SALT LAKE CITY — In a “friend of the court” brief, The Church of Jesus Christ of Latter-day Saints joined a number of other religions to ask the U.S. Supreme Court to rule against same-sex marriage becoming legal nationwide.
The LDS Church filed an amicus brief alongside faiths such as the Southern Baptist Convention, the Lutheran Church-Missouri Synod, the National Association of Evangelicals, the Free Methodist Church – USA, and the International Pentecostal Holiness Church in urging the court to uphold a traditional definition of marriage.
“Notwithstanding our theological differences, we are united in declaring that the traditional institution of marriage is indispensable to the welfare of the American family and society. We are also united in our belief that a decision requiring the States to license or recognize same-sex marriage would generate church-state conflicts that will imperil vital religious liberties. This brief is submitted out of our firm judgment that the Constitution does not require States to take that fateful step,” they wrote in the amicus filing.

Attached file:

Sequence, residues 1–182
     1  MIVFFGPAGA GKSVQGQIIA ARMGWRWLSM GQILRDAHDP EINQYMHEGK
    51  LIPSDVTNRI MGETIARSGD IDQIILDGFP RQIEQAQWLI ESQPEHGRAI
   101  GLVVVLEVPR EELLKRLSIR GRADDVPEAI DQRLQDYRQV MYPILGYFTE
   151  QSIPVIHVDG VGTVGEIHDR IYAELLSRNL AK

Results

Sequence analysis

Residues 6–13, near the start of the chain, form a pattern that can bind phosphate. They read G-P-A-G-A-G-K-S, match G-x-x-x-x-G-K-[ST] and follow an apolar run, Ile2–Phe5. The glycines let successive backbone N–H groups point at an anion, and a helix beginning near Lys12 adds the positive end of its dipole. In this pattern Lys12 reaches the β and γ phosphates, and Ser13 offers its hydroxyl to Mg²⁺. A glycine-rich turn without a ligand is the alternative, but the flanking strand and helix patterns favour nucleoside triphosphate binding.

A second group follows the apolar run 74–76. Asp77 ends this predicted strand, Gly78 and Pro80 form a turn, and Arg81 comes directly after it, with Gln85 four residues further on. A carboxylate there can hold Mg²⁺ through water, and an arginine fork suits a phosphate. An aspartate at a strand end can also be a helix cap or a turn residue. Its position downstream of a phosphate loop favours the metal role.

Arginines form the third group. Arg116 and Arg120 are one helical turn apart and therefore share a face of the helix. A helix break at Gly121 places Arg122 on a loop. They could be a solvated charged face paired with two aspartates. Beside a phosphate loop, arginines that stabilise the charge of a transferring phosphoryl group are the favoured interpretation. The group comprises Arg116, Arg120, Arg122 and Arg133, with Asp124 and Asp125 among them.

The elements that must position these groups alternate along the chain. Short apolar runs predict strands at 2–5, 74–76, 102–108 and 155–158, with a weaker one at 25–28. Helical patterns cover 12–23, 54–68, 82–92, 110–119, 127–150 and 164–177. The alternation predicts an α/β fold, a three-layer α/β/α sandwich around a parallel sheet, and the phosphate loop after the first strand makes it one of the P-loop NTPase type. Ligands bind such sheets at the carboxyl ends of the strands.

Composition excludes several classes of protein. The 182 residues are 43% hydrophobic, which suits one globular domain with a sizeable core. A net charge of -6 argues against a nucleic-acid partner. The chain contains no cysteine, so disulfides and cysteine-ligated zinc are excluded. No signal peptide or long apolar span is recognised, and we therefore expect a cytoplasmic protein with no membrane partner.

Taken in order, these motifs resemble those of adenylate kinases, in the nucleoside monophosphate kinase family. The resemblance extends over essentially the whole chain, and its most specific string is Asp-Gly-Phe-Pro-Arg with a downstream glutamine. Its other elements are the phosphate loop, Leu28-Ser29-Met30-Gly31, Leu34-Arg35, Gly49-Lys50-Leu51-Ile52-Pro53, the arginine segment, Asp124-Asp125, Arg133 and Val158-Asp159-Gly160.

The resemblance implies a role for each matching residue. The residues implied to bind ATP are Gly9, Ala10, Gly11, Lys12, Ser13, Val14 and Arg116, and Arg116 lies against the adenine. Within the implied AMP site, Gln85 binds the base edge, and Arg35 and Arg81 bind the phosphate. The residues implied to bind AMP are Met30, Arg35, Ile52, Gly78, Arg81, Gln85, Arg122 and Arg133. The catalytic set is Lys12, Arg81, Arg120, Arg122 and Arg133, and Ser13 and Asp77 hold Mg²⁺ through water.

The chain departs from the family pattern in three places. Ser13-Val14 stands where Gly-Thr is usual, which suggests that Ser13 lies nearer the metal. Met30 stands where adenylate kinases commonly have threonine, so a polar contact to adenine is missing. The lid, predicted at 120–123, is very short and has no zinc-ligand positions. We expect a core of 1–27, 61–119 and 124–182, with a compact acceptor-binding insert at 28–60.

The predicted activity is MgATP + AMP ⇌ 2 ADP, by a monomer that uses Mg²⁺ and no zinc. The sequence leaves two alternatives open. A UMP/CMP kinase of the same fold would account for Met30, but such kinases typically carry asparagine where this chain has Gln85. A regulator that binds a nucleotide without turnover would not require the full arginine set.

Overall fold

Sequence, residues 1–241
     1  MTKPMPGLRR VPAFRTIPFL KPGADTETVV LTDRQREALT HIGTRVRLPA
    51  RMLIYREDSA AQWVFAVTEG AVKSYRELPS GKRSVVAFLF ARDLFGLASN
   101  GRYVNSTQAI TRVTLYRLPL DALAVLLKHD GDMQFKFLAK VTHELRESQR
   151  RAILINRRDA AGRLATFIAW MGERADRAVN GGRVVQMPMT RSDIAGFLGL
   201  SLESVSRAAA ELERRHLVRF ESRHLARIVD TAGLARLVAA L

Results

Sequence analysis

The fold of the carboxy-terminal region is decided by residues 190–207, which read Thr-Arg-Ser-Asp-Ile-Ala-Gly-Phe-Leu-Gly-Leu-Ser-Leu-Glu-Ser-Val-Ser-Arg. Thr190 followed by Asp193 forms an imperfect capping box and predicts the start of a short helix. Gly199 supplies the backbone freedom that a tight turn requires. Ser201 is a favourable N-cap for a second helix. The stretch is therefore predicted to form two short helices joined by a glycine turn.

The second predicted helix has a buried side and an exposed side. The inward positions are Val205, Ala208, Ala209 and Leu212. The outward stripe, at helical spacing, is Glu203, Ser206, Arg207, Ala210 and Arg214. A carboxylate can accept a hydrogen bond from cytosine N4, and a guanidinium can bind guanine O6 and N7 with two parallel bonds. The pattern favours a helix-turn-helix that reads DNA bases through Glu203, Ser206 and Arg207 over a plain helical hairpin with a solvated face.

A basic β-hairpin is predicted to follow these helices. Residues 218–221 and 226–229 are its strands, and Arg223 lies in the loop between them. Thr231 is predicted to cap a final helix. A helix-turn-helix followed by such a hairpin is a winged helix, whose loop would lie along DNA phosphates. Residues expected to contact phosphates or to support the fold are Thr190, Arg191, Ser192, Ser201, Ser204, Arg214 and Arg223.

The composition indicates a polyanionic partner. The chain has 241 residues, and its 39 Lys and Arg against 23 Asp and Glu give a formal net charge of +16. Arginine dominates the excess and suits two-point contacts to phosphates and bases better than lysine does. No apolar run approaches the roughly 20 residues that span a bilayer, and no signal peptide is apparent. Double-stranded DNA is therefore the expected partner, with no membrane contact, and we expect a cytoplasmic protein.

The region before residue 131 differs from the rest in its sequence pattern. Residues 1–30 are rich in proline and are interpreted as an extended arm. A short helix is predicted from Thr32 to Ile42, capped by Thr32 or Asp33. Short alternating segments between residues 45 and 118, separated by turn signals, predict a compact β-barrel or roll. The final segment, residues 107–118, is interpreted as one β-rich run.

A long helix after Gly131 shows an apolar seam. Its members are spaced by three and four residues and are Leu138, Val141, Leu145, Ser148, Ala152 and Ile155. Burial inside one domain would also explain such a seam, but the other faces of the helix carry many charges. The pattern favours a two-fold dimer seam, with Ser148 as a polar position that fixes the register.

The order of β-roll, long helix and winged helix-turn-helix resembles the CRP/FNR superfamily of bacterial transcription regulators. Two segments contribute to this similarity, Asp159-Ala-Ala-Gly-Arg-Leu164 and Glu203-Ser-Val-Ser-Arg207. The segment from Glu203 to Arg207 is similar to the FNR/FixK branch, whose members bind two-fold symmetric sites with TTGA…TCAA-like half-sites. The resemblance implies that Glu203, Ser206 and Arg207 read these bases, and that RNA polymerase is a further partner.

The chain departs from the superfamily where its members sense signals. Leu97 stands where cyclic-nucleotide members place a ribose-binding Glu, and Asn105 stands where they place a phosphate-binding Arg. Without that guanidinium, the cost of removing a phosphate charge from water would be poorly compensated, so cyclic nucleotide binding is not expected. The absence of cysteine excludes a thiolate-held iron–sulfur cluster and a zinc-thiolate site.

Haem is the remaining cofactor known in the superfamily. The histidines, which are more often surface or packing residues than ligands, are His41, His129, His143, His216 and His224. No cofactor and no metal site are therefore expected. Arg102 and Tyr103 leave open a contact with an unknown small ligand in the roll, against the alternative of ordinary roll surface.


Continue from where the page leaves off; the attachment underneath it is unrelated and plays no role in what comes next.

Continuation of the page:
The filing says the The high court is expected to hear same-sex marriage arguments starting later this month after the issue has gained momentum in the past year, as several states have legalised it. Utah – home of the Mormon Church – is among those. faith “teaches that marriage between a man and a woman is ordained of God, that the traditional family is the foundation of society, and that marriage and family supply the crucial relationships through which parents and children acquire private and public virtue.”